The first weather observations in
Madison were made during the school year by professors at North Hall on
the University of Wisconsin starting in the early 1850s. They frequently
enlisted the aid of science students, including the now renowned
naturalist, John Muir. The original instruments were supplied by the
Smithsonian Institution. Essentially continuous weather records for Madison commenced in
weather observers began recording data at Bascom Hall on the University
Wisconsin Madison campus.
In 1878 a Signal Service Station was established in downtown Madison at the corner of South Pinckney Street and East Washington Avenue. In May 1883 the office moved back to campus at North Hall. Signal Service operations ceased and the office reverted to University jurisdiction. In September 1883 the office moved to the Washburn Observatory on campus, where it remained as part of the Astronomy Department until 1904.
The National Weather Service, then called the US Weather Bureau, was established at North Hall in 1904 and forecasts began to accompany observations. The first regularly broadcast weather forecast in the United States originated from the Madison Weather Service office in 1920 over the University radio station WHA.
An airport office was opened by
the Weather Bureau at the airport on the northeast edge of
Madison in 1939, a year after
it was built. The original office was in the terminal
building on N. Stoughton Rd (USH 51), to the east of the field.
The official climate records
for Wisconsin's capital city were transferred from the city
office to the airport offfice in 1948. In May 1979, a new office was built on the west
side of the
airport, north of the new terminal. For over half-a-century, the
Madison National Weather
Service operated in the full capacity of supplying weather data to
south-central Wisconsin along with the responsibility to notify and
warn counties of severe weather and winter storms. In 1972,
a local weather radar was installed next to the office.
Meanwhile, back in town, weather
records continued at the Weather Bureau's Madison "City Office" until
1963. So for over
20 years Madison had two weather offices, one site on campus and the other at
During the late 1980's, the National Oceanic & Atmospheric Administration launched a major program to modernize the National Weather Service. This resulted in a new office located near Sullivan, Wisconsin, 45 miles east of Madison. Equipped with the latest technology, including a new 88D-Doppler radar, the Sullivan office is now the official Weather Service office serving Madison and south-central Wisconsin.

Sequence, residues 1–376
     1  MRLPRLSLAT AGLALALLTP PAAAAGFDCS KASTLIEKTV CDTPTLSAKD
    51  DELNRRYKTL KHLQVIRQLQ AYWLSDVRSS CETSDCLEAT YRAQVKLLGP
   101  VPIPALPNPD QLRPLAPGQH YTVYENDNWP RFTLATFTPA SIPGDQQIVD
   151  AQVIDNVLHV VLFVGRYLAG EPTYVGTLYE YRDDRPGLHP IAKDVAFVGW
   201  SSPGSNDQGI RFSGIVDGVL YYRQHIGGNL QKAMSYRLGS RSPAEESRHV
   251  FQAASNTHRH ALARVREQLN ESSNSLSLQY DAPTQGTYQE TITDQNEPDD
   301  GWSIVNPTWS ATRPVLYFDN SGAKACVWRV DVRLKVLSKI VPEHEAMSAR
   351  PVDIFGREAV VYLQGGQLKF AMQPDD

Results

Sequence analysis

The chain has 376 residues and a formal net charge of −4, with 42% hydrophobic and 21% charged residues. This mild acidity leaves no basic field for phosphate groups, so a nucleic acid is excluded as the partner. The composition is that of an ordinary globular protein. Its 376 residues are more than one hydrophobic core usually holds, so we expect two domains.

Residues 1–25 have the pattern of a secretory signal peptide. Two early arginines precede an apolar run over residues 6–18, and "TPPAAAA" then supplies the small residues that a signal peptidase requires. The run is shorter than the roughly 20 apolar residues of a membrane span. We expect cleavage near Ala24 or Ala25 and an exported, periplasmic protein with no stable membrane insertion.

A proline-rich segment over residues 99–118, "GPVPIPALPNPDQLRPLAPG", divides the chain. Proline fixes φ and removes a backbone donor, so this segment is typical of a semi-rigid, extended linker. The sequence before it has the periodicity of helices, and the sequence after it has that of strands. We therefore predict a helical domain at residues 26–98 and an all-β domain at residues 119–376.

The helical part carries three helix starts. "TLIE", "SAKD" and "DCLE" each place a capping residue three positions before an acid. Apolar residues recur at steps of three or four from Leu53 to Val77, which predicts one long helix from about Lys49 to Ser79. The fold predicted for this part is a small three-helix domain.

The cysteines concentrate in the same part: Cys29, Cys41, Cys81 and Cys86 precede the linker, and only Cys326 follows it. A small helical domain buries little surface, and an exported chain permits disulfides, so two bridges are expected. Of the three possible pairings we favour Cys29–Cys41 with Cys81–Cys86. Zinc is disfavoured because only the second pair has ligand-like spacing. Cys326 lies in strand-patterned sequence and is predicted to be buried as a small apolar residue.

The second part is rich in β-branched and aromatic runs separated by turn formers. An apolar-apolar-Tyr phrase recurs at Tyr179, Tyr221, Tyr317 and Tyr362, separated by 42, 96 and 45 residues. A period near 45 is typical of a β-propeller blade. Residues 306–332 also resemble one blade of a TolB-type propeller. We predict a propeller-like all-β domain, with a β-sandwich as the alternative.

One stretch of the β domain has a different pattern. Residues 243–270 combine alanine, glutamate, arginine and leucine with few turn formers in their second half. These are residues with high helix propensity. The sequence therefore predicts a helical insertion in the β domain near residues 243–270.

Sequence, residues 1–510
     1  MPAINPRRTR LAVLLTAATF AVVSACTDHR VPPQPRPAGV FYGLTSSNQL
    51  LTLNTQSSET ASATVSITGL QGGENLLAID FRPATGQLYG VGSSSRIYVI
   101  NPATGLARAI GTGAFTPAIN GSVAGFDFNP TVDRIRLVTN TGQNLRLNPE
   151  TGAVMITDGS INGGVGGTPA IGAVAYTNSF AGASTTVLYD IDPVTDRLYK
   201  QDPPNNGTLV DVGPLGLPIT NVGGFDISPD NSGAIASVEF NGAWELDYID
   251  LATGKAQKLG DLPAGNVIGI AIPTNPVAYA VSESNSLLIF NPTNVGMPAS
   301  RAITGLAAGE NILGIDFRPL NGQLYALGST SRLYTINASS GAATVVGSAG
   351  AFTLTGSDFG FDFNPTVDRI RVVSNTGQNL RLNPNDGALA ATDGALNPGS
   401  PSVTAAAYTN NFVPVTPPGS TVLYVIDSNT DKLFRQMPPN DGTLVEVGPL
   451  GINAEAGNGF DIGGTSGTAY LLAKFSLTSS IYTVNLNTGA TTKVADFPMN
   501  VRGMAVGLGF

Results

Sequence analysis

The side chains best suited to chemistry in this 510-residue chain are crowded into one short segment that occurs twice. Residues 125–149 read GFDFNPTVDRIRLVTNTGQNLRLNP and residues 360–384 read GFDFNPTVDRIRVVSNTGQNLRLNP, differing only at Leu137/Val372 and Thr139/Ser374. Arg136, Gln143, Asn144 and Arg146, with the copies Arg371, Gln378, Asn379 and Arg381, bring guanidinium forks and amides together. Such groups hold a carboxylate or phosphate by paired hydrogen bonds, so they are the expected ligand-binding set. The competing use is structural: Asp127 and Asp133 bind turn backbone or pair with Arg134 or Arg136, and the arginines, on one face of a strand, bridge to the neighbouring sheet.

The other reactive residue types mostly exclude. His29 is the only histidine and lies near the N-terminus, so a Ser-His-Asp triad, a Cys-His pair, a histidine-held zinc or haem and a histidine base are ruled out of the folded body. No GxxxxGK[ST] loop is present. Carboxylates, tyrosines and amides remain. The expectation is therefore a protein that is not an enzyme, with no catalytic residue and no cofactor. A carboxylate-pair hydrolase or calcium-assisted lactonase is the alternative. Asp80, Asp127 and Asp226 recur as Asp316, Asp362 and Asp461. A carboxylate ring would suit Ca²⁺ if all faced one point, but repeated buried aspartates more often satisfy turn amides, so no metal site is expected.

The Madison National Weather Service office closed 1 April 1996, marking the end of a long tradition for the state's capital city. The radar, which was installed in the early 1970s, was decommissioned and dismantled. The radar tower was eventually resurrected and now sits on top of the AOSS building on campus to support satellite communication equipment. An Automated Surface Observing System (ASOS) was commissioned to generate the official weather observations for Madison. Contract observers augment ASOS for accuracy and the Wisconsin Air National Guard is taking snowfall measurements to continue the snowfall climate record.
ASOS weather observations are
updated each minute in support
of the aviation and meteorological community. To hear a computer
simulated voice recording of the ASOS weather data at the Dane
County Regional Airport any time of the day or night,
call (608) 249-6645.
Weather Service Forecast Offfice, A Time-Line of the National Weather
Service in Wisconsin.
Moran, J.M. and E.J. Hopkins, 2002, Wisconsin's Weather and Climate. University of Wisconsin Press, Madison.
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Latest revision: 27 March 2004
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URL Address: http://www.aos.wisc.edu/~sco/stations/msn/madison.html